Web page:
Research team wanted to know if clam beds increased number of clams raised and if so how?  They tested the hypothesis by studying walled beaches (clam gardens) and unmodified beaches. They did surveys of the beaches and transplanted some clams as tests. Clams grew twice as fast in clam gardens and higher survival rates of young clams. 4X the butter clam and 2X more littleneck clam populations in the clam gardens compared to unmodified beaches. They also found clam gardens increase the area of the beach that is at the ideal water depth for clams by flattening grade out.

6.    Tell us a bit about clams and their life cycle. How do they reproduce, migrate to new areas, etc.?

Clams reproduce through releasing gametes into the water similar to fish and other aquatic breeding species. Clams’ only opportunity to migrate to new beaches is when they are spawned and floating around as plankton in the ocean currents. They eventually settle out on a beach and grow a small shell.

7.     Do you think the results would have been different if the gardens were being actively tended to through methods noted in the paper such as adding gravel, shells, turning rocks, and thinning larger clams?

Amy predicted that if gardens had been tended in traditional ways they would have been more productive. Tending was largely a practice of thinning out competing things such as larger clams and a species of seaweed that grows on the beaches.

8.    In the paper, you mention the difficulty of these types of studies because of the lack of adequate controls. Can you discuss that and things you would do in the future to when considering studying ancient resource management in contemporary areas.

Amy said that working with first peoples to deconstruct a clam garden and reconstruct one would be a valuable experience for researchers.

9.    What are some other examples of ancient ecosystem modifications people may not know about?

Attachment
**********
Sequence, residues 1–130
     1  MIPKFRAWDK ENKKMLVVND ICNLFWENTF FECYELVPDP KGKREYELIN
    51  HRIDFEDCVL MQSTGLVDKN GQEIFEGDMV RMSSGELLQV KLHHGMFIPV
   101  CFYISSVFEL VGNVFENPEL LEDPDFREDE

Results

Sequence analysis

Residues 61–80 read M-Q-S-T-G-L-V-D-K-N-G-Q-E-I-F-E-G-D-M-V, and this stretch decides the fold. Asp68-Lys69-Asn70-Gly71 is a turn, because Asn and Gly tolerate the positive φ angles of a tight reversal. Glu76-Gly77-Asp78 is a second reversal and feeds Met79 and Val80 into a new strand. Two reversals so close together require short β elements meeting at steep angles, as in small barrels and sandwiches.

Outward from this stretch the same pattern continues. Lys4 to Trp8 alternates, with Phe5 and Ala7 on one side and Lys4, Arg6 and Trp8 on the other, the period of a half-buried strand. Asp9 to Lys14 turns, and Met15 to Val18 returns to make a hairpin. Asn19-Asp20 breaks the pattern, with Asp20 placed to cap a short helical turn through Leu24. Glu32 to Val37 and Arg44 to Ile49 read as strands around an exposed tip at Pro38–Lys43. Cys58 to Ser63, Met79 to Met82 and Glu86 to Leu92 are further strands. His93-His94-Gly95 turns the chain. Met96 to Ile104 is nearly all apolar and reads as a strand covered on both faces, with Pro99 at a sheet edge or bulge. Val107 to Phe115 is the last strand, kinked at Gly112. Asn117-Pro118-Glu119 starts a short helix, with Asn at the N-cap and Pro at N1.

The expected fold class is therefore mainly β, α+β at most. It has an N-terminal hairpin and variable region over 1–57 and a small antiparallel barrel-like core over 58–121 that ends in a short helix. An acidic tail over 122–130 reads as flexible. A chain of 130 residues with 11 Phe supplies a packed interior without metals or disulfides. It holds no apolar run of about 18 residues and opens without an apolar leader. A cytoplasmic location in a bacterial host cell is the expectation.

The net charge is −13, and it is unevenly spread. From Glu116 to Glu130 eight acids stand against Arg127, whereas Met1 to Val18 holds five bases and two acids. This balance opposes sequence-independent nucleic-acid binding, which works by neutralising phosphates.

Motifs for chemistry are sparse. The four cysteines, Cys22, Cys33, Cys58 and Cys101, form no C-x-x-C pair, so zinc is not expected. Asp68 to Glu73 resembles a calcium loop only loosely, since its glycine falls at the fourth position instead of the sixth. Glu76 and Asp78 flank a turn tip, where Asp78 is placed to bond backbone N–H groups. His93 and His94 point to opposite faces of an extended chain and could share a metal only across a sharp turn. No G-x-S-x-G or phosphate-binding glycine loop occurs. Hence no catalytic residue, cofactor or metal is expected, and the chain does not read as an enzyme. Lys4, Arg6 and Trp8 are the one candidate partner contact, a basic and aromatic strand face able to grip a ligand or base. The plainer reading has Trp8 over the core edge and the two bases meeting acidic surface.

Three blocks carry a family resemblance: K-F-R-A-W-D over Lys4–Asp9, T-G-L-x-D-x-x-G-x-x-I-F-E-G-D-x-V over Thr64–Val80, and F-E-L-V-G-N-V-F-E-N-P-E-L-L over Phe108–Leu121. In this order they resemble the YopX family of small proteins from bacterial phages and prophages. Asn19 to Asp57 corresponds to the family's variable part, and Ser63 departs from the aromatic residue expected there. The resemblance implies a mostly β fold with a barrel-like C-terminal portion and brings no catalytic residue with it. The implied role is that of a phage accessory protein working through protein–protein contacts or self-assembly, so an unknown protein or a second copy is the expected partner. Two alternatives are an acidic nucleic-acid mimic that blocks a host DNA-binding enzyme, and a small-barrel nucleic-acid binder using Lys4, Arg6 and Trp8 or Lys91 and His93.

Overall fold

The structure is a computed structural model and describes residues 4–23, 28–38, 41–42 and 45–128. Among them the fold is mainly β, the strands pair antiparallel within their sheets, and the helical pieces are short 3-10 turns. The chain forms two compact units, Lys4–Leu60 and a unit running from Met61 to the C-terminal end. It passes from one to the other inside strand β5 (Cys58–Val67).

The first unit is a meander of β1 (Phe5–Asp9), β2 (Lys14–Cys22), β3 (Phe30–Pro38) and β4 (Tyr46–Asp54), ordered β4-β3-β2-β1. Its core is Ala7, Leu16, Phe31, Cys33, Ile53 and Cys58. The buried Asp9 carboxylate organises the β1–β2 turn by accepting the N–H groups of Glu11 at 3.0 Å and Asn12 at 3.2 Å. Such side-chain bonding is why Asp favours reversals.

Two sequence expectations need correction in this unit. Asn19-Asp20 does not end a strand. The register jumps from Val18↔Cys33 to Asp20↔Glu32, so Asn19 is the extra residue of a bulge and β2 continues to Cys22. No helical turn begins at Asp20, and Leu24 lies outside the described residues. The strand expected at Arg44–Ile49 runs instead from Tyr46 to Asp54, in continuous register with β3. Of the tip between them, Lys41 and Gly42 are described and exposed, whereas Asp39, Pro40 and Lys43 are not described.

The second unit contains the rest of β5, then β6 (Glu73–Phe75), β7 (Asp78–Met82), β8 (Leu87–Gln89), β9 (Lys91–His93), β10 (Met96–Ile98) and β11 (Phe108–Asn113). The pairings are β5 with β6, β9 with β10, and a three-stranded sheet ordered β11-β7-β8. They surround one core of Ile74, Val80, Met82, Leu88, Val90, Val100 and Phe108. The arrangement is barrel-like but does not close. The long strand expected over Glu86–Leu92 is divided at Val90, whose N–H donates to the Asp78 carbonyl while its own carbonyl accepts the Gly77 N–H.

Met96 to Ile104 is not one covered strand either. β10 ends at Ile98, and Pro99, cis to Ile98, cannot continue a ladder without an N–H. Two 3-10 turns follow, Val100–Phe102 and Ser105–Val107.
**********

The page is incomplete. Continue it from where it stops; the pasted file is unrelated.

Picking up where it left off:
Fish weirs used for the trapping or holding of fish are a common ancient modification along coasts. Stone modifications to salmon bearing rivers to make it easier to catch them are also common. Transplanting of bushes and starchy root plants was common in areas that mariculture was practiced.

10.    What are your thoughts on whether total biomass production is increased by ecosystem modification or a shifting of biomass production to one or more desired species?

At first glance it seems that clam gardens studied increase biomass but its really unclear without further study what might be missing or other things that could be there but aren’t seen. Tim brought up an interesting bit of research he heard about that seashell picking could be a problem for beaches you can follow this link to the paper he was thinking of. Amy mentioned that shells are a signal for recruitment of new clams to settle there and therefore important for beaches that house clams.

11.  If you could leave our listeners with something to remember from your research in relation to agriculture and food production, what would that be?

Amy’s message was that people have been managing and tending seascapes for millennia and they can offer techniques and strategies for cultivation that can inform how we produce food today. Traditional practices are very relevant today from a food security standpoint looking at the populations they managed to provide for in the past.